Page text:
The conditions on the campus of the University of Oregon are contentious and the new NCAA system of qualifications is questionable, but USC director of track and field Ron Allice's team is still very much in contention for the annual NCAA Championship, to be determined Saturday after a four-day melee between all of the nation's top teams.
At the time of this writing, the USC men stood in 11th place, with the women scoreless and in a tie for 34th, but the majority of finals — and big-ticket races like the 4x400-meter relay finals and the 100-meter final, surprisingly not featuring star Trojan sprinter Ahmad Rashad — are set for Saturday (10 a.m. PT, CBS), when the national winner will be determined.
Allice, in his 16th season with the Trojans, isn't exactly nervous. But confident wouldn't be the right word to describe his state of mind either.
"I believe we're ready," he said earlier this week. "But so is the rest of the country. We've just gotta get settled, get everything lined up and then see what happens."
The controversial qualification system, implemented earlier this year by the NCAA, put multiple regionals across the nation and allowed fewer runners to qualify from each, changing the dynamics of what had been a long-standing system. Allice isn't happy with its preliminary results.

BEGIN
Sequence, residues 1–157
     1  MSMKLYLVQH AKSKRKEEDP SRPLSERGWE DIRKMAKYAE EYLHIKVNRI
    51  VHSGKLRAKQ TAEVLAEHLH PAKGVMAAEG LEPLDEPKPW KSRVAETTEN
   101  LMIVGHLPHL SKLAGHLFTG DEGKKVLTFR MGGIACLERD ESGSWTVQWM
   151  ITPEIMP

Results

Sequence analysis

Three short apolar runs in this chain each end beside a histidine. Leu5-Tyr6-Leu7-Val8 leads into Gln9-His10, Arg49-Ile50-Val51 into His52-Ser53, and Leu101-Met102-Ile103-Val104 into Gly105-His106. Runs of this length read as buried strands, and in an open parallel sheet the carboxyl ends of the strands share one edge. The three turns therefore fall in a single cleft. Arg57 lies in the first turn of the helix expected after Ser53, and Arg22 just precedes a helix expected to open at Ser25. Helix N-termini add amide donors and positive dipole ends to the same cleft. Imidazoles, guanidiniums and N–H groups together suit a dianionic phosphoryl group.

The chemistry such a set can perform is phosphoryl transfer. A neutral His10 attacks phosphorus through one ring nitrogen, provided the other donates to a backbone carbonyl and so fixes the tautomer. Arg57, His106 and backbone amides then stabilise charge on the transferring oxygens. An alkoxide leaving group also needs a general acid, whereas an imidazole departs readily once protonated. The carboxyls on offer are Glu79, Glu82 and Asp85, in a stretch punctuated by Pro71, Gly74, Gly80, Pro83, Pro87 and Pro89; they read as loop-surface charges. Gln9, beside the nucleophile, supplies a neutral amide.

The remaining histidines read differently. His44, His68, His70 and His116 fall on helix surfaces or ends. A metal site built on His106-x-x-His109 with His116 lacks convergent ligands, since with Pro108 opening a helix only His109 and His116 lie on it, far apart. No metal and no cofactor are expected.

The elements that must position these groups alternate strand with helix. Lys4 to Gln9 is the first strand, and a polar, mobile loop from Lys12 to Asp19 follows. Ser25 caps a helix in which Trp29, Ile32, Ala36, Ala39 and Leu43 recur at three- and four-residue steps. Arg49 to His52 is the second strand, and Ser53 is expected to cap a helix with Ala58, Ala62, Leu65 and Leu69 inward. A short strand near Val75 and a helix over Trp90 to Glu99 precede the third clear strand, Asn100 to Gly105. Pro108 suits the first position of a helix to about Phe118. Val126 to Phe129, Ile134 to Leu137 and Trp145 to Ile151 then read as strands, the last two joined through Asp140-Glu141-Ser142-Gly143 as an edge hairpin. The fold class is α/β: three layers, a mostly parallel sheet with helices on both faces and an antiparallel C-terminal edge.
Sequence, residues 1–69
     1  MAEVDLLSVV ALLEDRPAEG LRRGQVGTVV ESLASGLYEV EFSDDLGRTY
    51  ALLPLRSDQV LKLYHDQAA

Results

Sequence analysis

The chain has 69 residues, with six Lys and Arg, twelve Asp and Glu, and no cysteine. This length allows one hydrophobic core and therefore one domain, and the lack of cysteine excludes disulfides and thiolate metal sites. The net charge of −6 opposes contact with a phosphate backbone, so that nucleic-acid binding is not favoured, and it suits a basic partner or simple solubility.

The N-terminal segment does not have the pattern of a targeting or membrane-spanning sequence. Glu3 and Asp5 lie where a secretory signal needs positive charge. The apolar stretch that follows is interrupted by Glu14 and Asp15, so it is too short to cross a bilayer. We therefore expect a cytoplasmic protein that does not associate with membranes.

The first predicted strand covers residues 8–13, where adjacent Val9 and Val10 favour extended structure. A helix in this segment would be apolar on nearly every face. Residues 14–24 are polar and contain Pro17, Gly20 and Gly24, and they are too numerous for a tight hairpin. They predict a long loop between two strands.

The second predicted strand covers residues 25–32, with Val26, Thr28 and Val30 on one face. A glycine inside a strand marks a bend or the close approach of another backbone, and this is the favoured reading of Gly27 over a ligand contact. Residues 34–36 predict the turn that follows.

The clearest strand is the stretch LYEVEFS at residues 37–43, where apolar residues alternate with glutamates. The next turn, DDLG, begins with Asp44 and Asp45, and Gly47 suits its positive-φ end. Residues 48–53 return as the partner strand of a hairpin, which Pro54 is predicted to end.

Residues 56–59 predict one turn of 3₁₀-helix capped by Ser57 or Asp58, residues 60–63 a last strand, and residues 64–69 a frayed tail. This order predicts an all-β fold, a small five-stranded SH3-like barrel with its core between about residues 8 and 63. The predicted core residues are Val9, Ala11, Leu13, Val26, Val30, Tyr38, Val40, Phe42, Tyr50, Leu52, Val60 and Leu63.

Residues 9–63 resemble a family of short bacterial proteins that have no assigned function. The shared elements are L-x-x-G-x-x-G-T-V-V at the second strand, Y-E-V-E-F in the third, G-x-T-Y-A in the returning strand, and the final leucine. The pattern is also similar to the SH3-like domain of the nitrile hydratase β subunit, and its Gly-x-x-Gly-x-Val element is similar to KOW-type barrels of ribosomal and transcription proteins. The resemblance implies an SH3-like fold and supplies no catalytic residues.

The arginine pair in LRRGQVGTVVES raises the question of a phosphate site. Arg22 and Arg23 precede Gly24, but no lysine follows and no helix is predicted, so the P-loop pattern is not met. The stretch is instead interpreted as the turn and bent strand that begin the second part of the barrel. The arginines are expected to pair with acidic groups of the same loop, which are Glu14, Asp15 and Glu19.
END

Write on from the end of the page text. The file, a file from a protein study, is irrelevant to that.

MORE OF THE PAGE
"Are we a good team?" Allice asked himself Wednesday. "We're a good team, but the idea is to know how we are going to be in this regional format and the NCAA's — I don't know. I can't predict it.
Top finishers for USC so far have been the relay team — featuring Joey Hughes, Jason Price, Nate Anderson and anchor Reggie Wyatt — that ran the second-best qualifying time among all heats and junior hurdler Oscar Spurlock, who ran a 12.65 time in the 110-meter hurdles Thursday to qualify for Saturday's finals.
Rashad, who finished second at the championships last June, did not qualify for the 100-meter finals after he was disqualified for a false start.
Allice is not happy with Oregon's weather either. It had been raining off and on in Eugene earlier in the week, and, despite the toning down as the meets have gone on — Weather.com shows just a 20 percent chance of precipitation today — he contends it has already hurt some of his competitors.
Senior Brandon Estrada finished in a tie for fifth in the pole-vaulting competition Thursday after his attempts were delayed for more than an hour by rain. He told USC's official site it was "the most difficult competition" he'd ever been in because of that aspect.
"You ever try to pole vault in the rain?" Allice asked earlier this week. "Not so fun."